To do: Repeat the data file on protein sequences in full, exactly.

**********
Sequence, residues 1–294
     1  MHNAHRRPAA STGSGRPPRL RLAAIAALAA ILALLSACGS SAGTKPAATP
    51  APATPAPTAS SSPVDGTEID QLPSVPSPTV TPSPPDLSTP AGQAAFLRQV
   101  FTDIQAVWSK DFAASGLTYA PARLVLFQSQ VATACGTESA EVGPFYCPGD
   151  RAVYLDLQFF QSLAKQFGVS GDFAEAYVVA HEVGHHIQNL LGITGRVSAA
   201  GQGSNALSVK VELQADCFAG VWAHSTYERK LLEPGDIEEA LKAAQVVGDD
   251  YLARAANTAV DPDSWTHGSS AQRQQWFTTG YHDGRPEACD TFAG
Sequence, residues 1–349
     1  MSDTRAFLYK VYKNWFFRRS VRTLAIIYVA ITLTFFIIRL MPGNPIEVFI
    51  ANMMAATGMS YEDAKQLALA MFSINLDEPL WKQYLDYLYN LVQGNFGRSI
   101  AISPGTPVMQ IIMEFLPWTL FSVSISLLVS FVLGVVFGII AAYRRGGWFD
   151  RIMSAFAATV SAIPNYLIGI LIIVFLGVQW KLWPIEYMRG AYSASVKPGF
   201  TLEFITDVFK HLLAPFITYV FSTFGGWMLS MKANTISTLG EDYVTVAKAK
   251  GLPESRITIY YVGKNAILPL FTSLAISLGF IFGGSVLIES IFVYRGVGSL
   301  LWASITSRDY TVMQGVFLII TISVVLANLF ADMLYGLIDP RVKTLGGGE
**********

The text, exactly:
Sequence, residues 1–294
     1  MHNAHRRPAA STGSGRPPRL RLAAIAALAA ILALLSACGS SAGTKPAATP
    51  APATPAPTAS SSPVDGTEID QLPSVPSPTV TPSPPDLSTP AGQAAFLRQV
   101  FTDIQAVWSK DFAASGLTYA PARLVLFQSQ VATACGTESA EVGPFYCPGD
   151  RAVYLDLQFF QSLAKQFGVS GDFAEAYVVA HEVGHHIQNL LGITGRVSAA
   201  GQGSNALSVK VELQADCFAG VWAHSTYERK LLEPGDIEEA LKAAQVVGDD
   251  YLARAANTAV DPDSWTHGSS AQRQQWFTTG YHDGRPEACD TFAG
Sequence, residues 1–349
     1  MSDTRAFLYK VYKNWFFRRS VRTLAIIYVA ITLTFFIIRL MPGNPIEVFI
    51  ANMMAATGMS YEDAKQLALA MFSINLDEPL WKQYLDYLYN LVQGNFGRSI
   101  AISPGTPVMQ IIMEFLPWTL FSVSISLLVS FVLGVVFGII AAYRRGGWFD
   151  RIMSAFAATV SAIPNYLIGI LIIVFLGVQW KLWPIEYMRG AYSASVKPGF
   201  TLEFITDVFK HLLAPFITYV FSTFGGWMLS MKANTISTLG EDYVTVAKAK
   251  GLPESRITIY YVGKNAILPL FTSLAISLGF IFGGSVLIES IFVYRGVGSL
   301  LWASITSRDY TVMQGVFLII TISVVLANLF ADMLYGLIDP RVKTLGGGE